About How COVID is Worse Than Influenza
Deaths caused by influenza (the flu) in the United States are not tracked in the same way that COVID deaths have been tracked over the last 18 months. The number of deaths is an estimated number. Still, even the estimates can give us a sense of the human cost. According to multiple sources, the flu has caused somewhere between 20,000 and 60,000 deaths per year over the last decade. The flu season of 2017-18 was particularly bad and represents the high end of that range.
The current count of COVID related deaths since the beginning of the pandemic is 588,000 – nearly an order of magnitude higher.
But let us say for a minute that those numbers are not comparable. The number of flu deaths is only an estimate. There are people who don't truly believe the reported death toll from COVID. Some claim the number is exaggerated. Others suggest the number is an undercount. Also, the pandemic has been going on for more than 18 months, whereas flu seasons are generally only the winter months. Fair enough. Let’s try something else.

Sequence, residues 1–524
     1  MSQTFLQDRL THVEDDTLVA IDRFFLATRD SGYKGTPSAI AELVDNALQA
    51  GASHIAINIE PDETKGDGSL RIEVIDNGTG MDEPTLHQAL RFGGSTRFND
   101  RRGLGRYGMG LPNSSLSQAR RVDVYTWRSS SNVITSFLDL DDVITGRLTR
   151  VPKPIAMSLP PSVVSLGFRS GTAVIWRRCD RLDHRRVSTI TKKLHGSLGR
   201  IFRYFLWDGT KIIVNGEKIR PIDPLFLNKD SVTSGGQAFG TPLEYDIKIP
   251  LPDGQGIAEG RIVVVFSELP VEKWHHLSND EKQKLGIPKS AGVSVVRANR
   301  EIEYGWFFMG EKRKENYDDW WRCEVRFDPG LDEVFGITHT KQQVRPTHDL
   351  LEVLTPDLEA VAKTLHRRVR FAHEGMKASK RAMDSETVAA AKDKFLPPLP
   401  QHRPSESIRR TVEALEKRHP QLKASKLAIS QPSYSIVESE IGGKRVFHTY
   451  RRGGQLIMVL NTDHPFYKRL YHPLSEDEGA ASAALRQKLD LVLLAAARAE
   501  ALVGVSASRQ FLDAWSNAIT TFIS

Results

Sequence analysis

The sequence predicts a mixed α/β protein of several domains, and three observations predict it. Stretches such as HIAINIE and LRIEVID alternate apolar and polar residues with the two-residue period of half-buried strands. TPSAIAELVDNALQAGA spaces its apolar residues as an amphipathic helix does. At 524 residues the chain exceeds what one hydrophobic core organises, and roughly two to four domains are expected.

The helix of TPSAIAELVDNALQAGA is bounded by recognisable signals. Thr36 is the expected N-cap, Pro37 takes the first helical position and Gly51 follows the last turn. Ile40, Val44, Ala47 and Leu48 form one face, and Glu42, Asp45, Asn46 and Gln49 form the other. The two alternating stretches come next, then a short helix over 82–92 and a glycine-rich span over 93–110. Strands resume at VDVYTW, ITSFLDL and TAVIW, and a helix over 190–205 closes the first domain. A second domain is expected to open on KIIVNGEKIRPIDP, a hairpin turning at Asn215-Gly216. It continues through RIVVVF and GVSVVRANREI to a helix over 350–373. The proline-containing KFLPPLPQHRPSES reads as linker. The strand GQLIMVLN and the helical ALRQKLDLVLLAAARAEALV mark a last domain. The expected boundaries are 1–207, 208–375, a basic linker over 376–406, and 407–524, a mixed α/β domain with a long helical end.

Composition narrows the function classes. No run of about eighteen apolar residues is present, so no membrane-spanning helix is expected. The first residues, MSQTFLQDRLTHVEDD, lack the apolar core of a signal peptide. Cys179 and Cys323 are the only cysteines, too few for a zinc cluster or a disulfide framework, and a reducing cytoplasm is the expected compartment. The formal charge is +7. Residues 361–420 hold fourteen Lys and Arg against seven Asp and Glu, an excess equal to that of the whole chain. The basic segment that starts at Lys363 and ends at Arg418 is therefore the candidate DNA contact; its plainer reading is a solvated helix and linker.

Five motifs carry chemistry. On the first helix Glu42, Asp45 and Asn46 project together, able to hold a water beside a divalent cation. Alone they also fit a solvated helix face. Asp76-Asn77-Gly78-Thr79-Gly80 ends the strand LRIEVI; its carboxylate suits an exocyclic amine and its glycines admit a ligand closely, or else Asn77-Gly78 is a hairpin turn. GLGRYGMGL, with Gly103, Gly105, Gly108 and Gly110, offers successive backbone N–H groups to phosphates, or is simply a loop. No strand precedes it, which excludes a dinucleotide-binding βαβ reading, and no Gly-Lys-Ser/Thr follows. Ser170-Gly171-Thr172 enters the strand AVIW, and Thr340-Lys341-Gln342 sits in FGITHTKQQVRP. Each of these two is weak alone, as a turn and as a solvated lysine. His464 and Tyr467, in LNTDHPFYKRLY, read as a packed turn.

According to an article in Scientific American, there have been 600 flu-related deaths in the United States for the 2020-2021 flu season. An article in Today cited a report from the Centers for Disease Control (CDC) that there were only 292 flu deaths, including only 1 pediatric death.
If we take those numbers -- a range between 292 and 600 -- and compare it to the yearly estimates for the past decade, we can see that flu deaths are down to about 1% of what is usual. Even if these figures are off by an order of magnitude, that is still an incredible decrease.
So, during a period of time when COVID raged in the US (infections and deaths hit highs during January and February of this year), influenza was almost absent. COVID was not stopped by public health measures such as distancing, wearing of masks, and hand hygiene; but these things nearly wiped out influenza.
So, yes, I think it's safe to say that COVID is in a different league than the flu. The flu is high school varsity; COVID is major league.